In January of this year, Stanley Fish caused something of a stir (again) with a blog entry titled The Last Professor, in which he discussed Frank Donoghue’s sharp and gloomy book: The Last Professors: The Corporate University and the Fate of the Humanities. At the conclusion, Fish observes that he “timed it just right, for it seems that I have had a career that would not have been available to me had I entered the world 50 years later. Just lucky, I guess.” Here was a nice occasion for Fish to emphasize his own humility and for humanities professors to reacquaint themselves with the sensation of excruciating professional angst. Donoghue’s argument, as you might guess from the title, is that the modern non-profit university is increasingly run on a corporate model with teachers hired for short-term contracts and institutional goals defined by explicitly professional ends (on the student side of things) and financial success (on the administrative side). The picture he paints of the humanities job market is bleak. The picture he paints of the conditions of adjunct faculty is bleaker still. Donoghue takes pains to emphasize that the tension between the corporate world and the academic study of the humanities is as old as the tenured, research-oriented humanities professoriate itself. Moreover, he denies that we’re in a “crisis.” This is a long-term trend, he contends, rather than a short-term anomaly. Still, Donoghue makes it abundantly clear that he believes the academic study of humanities subjects to be on the tail end of a long slide toward irrelevance.
What should academic historians make of such a scary report—and what can they do to alter the dismal trajectory that Donoghue charts? The Last Professors offers few concrete recommendations, aside from his wise injunction to stop defending tenure on the grounds of academic freedom because that strategy only “exacerbate[s] the divide between the dwindling number of tenured professors and the growing rank of adjuncts.” And so, with The Last Professors in mind, but with no pretensions to originality or expertise, I offer the following unsolicited recommendations:
First, we need to forthrightly and repeatedly stress the value of the humanities in general, and the work of history in particular. That means, too, that we should think hard and maybe even talk a bit more about the larger value of the humanities in general, and the work of history in particular. And please, let’s try to avoid making the process look like an extended graduate seminar.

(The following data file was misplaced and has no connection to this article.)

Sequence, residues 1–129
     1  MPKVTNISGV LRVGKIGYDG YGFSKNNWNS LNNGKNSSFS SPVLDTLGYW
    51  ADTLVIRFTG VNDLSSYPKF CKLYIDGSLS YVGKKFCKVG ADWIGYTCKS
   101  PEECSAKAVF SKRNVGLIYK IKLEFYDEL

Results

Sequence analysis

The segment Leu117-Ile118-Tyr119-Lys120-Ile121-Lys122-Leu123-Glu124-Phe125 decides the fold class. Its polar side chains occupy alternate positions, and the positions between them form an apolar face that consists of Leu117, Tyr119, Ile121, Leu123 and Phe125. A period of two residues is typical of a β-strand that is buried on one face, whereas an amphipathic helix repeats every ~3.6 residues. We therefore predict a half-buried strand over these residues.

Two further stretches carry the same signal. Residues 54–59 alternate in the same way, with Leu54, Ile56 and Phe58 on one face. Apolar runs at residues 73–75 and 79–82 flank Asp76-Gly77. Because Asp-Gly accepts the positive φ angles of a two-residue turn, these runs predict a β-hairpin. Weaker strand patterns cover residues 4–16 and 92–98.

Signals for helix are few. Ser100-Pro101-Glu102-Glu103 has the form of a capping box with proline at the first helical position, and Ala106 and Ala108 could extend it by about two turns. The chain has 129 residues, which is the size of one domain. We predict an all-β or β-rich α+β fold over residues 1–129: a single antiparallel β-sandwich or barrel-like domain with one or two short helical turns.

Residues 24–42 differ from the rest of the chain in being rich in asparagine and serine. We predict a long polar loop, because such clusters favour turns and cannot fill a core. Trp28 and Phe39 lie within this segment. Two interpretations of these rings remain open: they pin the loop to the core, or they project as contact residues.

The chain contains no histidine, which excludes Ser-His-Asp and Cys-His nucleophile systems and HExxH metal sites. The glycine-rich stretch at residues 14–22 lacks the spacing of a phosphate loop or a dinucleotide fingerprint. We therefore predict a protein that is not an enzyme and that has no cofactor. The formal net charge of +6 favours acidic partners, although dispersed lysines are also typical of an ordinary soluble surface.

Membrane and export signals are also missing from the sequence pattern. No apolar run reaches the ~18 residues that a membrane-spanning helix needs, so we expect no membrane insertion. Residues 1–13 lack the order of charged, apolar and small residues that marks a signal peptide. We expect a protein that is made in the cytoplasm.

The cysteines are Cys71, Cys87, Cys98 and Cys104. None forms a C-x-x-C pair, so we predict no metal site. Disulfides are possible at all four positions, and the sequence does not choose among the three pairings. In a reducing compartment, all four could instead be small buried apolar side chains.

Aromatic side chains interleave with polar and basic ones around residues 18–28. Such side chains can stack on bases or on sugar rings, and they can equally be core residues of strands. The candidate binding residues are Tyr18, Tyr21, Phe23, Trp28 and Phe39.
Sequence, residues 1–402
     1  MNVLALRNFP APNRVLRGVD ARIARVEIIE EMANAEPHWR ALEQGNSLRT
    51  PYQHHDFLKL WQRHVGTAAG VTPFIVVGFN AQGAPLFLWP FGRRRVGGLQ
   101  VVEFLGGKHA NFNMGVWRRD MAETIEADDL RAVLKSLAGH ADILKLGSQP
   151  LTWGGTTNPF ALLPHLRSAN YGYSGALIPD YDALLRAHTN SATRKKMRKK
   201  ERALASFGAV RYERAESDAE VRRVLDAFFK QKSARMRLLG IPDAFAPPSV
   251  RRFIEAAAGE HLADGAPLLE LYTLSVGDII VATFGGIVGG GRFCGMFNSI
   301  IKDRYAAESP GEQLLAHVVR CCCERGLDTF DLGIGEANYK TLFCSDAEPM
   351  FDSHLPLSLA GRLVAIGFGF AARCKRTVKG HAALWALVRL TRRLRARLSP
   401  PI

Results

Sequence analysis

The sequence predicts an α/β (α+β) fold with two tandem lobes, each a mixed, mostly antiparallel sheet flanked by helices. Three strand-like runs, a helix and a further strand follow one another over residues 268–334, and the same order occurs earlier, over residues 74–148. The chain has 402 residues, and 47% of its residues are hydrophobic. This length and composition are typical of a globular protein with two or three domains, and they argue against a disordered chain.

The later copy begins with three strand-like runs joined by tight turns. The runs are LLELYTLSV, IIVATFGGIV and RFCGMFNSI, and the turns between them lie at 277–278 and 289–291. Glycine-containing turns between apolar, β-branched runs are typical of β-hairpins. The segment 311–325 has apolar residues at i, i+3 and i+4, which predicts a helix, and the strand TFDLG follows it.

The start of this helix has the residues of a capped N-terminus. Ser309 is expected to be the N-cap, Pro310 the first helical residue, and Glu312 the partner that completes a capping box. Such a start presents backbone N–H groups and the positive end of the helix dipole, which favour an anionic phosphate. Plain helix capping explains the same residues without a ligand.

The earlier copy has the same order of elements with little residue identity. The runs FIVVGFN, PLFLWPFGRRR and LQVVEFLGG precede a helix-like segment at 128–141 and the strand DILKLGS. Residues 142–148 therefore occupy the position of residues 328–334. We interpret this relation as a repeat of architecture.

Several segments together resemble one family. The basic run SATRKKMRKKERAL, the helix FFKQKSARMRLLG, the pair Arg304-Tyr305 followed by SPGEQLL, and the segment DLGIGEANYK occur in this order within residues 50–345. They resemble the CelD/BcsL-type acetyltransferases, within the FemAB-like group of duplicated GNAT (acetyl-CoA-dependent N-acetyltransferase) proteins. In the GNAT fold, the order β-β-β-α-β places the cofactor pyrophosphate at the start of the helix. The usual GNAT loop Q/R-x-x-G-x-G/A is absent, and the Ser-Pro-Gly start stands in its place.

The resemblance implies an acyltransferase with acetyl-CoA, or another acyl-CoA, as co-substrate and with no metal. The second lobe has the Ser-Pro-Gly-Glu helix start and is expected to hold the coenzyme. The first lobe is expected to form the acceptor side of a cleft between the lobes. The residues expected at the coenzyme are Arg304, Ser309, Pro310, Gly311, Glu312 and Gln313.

Second, we need to make sure that what we do with our students in the classroom and on-line is as conducive to their learning and thinking as it is distinctive. If you’ve seen the lectures at Academic Earth or listened to the lectures at iTunes University, you will have already realized that much of a history professor’s traditional teaching responsibilities can now be easily replicated and widely distributed. Making sure that we bring the latest research into the classroom in an engaging way will help to justify our scholarship, as well as our teaching.
Third, we should ensure that pay, benefits, and respect are more fairly distributed to all of the professionals in our field. For a group that votes overwhelmingly Democratic , tenured and tenure-track professors (as a whole) pay inexcusably little attention to their colleagues who do quite similar work on short-term contracts and for much less pay. Equity and enlightened self-interest both demand that the most privileged among us attend seriously to the conditions of those who now teach sixty-five percent of our classes.
Fourth, we must be engaged with popular works of history that both non-historians and historians will actually read and discuss. We should even be prepared to write such books ourselves.
Fifth, we need to stop pretending that all the work in our discipline is, or should be, of intrinsic interest to the rest of the world. To this point, we could substitute more rigorous teacher training for grad school research commitments and alter tenure and PhD requirements so that a series of article-length essays may be accorded the same worth as a four-hundred page dissertation. We should also reward good public history as generously as we reward good intra-academic scholarship.
Frank Donoghue’s dismal trends may indeed have originated long ago and his dark prophecies may take years to fulfill. But if we’re to avoid being the last generation of history professors, we will need to act quickly.